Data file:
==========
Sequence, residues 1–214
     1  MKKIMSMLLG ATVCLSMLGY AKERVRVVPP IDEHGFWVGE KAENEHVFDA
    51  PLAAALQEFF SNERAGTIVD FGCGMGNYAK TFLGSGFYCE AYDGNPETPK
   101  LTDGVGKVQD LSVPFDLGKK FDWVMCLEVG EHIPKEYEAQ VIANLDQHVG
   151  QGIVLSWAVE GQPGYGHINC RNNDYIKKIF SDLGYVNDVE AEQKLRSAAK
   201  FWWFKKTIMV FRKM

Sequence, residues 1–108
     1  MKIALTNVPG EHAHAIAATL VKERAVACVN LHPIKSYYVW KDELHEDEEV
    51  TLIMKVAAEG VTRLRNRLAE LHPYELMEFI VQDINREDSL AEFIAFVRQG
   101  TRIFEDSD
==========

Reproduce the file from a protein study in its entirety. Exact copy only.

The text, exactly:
Sequence, residues 1–214
     1  MKKIMSMLLG ATVCLSMLGY AKERVRVVPP IDEHGFWVGE KAENEHVFDA
    51  PLAAALQEFF SNERAGTIVD FGCGMGNYAK TFLGSGFYCE AYDGNPETPK
   101  LTDGVGKVQD LSVPFDLGKK FDWVMCLEVG EHIPKEYEAQ VIANLDQHVG
   151  QGIVLSWAVE GQPGYGHINC RNNDYIKKIF SDLGYVNDVE AEQKLRSAAK
   201  FWWFKKTIMV FRKM

Sequence, residues 1–108
     1  MKIALTNVPG EHAHAIAATL VKERAVACVN LHPIKSYYVW KDELHEDEEV
    51  TLIMKVAAEG VTRLRNRLAE LHPYELMEFI VQDINREDSL AEFIAFVRQG
   101  TRIFEDSD